Oakland Schools, Teachers Union Come To A Tentative Agreement
Seven day strike ends, teachers to get part of desired raise
By Evan Symon, May 15, 2023 1:00 pm
The Oakland Unified School District (OUSD) and the Oakland Education Association (OEA) announced on Monday a tentative agreement had been reached on a new contract on Monday, ending a week-long strike in the city.
Negotiations between the union and the school district have been ongoing over the last seven months. Both sides have been unable to reach an agreement, with both teacher pay and classroom improvements on the table. The OEA has demanded a 23% raise, more student supports, full funding of the Reparations for Black Students resolution, climate-controlled classrooms for all students, more counselors and social workers, and a reduction in class sizes. The OUSD, in comparison, has proposed a 22% raise and an extra $3,000 in back pay, but only for tenured teachers and not recent hires or part-time staff.
However, by late April, talks began to break down, with the OEA authorizing a strike following a union vote on April 27th. The strike then formally started on May 4th. All 80 schools remained open during this time, but there were few services beyond meals and non-OEA staff coming in, effectively stopping school for a week and keeping the large majority of students home. Faced with a second full week of no classes with only 8 days left in the school year, both sides met during the weekend and quickly formed a tentative agreement. Mediating the talks were State Superintendent of Public Instruction Tony Thurmond and members of the California Department of Education.
According to the agreement, all teachers will receive a 10% raise dating back to November of 2022, with most receiving a 15.5% raise. All teachers are also to get a one-time $5,000 stipend, with teachers who can speak multiple languages getting an additional stipend. Elementary schools are to receive school counselors as well, with others schools to receive additional staff such as librarians, guidance counselors, and nurses. Other smaller details, such as a new process for possible school closures and a new focus on historically black schools, were also added. The agreement is to last for 2.5 years through June 2025, with the new raises set to begin in July.
OEA, OUSD come to a tentative agreement
While the OEA did receive an overall raise and some concessions such as additional staff, the desired raise was far below the 23% originally wanted by the union. On Monday, union leaders attempted to spin the agreement as a win, emphasizing how the “common Good’s goals” and “Black-Thriving schools” parts of the demands were met, while largely ignoring the much less than desired raise.
“The union won our ‘Common Goods’ goals, especially with more resources for Black-thriving schools,” said OEA Vice President Kampala Taiz-Rancifer on Monday. “Beyond the economic gains, this hard-fought tentative agreement, if ratified by our members, will help ensure that educators, parents, students and other stakeholders have a voice in the decision-making process.”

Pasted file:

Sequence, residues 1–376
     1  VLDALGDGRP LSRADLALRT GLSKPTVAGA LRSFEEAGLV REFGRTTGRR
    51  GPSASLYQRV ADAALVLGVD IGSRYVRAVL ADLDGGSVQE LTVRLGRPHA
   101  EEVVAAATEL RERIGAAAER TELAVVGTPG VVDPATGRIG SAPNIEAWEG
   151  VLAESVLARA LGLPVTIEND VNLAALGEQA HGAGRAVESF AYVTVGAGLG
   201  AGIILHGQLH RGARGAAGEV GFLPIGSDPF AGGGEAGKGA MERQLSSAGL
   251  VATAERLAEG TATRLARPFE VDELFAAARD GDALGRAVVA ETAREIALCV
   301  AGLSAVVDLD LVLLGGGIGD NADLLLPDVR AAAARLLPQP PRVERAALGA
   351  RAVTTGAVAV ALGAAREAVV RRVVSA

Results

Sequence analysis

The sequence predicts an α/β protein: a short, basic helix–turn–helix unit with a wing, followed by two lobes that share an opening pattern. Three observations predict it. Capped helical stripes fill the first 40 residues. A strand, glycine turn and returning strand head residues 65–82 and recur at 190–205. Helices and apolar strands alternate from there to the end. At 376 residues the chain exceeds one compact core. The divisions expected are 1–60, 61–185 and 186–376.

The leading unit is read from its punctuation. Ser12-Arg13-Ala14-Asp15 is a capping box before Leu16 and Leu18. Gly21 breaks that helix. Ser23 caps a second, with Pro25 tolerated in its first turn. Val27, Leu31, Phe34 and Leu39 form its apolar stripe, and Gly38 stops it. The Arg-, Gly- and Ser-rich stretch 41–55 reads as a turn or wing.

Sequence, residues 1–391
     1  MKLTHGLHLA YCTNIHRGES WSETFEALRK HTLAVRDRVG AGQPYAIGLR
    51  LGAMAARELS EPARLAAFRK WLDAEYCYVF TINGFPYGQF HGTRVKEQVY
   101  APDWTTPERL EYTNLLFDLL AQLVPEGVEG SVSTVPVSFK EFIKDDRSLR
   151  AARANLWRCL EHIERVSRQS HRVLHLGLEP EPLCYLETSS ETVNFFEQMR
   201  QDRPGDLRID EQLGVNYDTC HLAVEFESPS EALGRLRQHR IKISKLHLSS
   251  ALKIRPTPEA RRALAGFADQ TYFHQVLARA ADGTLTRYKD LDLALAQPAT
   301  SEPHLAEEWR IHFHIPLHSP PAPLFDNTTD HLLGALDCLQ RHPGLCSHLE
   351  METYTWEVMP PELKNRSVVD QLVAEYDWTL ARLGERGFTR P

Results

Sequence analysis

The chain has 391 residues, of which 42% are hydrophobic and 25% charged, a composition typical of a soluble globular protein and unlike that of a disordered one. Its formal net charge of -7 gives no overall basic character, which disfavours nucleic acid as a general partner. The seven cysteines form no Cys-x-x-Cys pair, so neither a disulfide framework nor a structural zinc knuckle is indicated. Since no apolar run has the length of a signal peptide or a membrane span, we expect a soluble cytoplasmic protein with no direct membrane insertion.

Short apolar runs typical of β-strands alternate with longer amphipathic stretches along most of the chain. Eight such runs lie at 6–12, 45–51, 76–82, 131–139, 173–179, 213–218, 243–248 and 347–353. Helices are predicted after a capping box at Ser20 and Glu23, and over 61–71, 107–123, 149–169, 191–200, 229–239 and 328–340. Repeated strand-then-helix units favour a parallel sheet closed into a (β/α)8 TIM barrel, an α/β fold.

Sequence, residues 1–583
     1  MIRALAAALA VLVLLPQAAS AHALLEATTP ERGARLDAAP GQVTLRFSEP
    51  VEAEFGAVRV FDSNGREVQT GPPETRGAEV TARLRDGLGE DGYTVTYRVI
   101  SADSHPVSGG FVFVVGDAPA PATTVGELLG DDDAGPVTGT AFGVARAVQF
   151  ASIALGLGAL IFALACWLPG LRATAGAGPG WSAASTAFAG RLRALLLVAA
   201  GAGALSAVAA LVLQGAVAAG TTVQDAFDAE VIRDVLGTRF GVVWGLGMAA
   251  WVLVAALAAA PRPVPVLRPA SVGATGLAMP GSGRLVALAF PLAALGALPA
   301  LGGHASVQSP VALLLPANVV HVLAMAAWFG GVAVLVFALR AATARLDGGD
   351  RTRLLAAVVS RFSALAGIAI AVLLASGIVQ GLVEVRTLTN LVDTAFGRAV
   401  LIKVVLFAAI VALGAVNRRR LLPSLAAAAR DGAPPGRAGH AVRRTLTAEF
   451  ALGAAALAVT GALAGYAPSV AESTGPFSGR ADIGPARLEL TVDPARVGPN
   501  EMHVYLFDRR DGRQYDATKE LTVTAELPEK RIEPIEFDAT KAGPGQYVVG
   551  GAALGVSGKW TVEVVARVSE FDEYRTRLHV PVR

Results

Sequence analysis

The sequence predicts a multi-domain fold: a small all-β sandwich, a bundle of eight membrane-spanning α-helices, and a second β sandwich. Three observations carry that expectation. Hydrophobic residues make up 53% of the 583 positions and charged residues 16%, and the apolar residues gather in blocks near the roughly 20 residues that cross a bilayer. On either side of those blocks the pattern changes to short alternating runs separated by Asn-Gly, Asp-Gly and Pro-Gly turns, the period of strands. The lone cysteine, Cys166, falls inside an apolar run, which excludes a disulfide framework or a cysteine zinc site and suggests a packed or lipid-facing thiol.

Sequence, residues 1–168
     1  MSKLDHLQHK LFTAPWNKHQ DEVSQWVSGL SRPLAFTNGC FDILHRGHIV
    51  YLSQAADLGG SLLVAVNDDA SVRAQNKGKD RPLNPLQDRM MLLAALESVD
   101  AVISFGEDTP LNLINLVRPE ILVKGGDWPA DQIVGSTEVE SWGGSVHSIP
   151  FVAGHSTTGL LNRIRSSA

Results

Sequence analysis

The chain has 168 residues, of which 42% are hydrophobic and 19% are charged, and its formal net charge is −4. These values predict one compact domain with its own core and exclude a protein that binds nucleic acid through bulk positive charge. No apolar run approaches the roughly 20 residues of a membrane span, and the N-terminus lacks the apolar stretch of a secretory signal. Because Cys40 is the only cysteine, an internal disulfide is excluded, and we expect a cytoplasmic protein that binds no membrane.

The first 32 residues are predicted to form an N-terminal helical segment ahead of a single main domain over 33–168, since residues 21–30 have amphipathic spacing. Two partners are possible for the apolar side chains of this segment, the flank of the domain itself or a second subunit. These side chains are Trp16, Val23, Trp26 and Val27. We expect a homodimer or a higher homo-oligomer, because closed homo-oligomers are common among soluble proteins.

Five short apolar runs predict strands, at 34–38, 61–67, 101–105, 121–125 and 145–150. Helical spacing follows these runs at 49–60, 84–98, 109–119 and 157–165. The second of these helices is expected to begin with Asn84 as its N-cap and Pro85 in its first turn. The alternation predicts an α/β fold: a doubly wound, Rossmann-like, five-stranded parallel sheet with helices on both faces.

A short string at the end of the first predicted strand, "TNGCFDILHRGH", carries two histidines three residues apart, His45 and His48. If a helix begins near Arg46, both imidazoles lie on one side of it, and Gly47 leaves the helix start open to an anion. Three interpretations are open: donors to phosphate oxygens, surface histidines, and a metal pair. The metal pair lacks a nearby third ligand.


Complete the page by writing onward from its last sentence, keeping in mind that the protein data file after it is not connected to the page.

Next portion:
OEA President Ismael Armendariz added in a statement that “This tentative agreement is about a teacher being able to put bread on their table and it is also about feeding young minds. It’s about more than a paycheck, it’s about the common good.”
A tweet from the OEA on Monday further stated that “OEA’s Bargaining Team of over 50 Oakland educators has reached a TA with OUSD. Our collective power forced OUSD to commit to living wages for educators, more resources in our schools, enforceable working conditions & common good issues for our students & their families.”
BREAKING: OEA’s Bargaining Team of over 50 Oakland educators has reached a TA with OUSD. Our collective power forced OUSD to commit to living wages for educators, more resources in our schools, enforceable working conditions & common good issues for our students & their families. pic.twitter.com/iPKXnsXfwf
— Oakland Education Association (@OaklandEA) May 15, 2023
Thurmond, who helped mediate the strike, noted meanwhile that the goal was to get students back into class as soon as possible, wanting to have a tentative agreement in place by the end of the weekend.
“I stepped in to help mediate this strike in hopes of getting our students back to class as quickly as possible,” added Thurmond. “While the issues were very complex, I observed that both parties, OEA and OUSD, participated in very productive discussions, often into the late hours of the night.”
While the OUSD has yet to give a statement, many labor union experts noted that the majority of people in Oakland opposed the strike, given that a strike this late in the year could potentially harm students by delaying transcripts and impact passing finals.
“Whenever school strikes happen, they never talk about what happens to the students now, Tyrone Levy, a former counsel for two labor unions, told the Globe Monday. “It’s always the future, not what happens in the immediate. And the truth is that the unions always put their future ahead of whoever is on the line now. They could have easily waited for the summer to work things out, but it’s all about pressure. And the teachers chose themselves over the students.”
“When police or hospital workers strike, they use ‘blue flu’ staggered tier striking or slow down methods, because if they all strike at once, terrible things can happen. Yet we treat schools differently. They aren’t looking at the collateral damage here. Hurting some students now to help others possibly in the future? Something is wrong there.”
OUSD officials are expected to comment soon, with a vote on the agreement by the union expected to occur in the near future.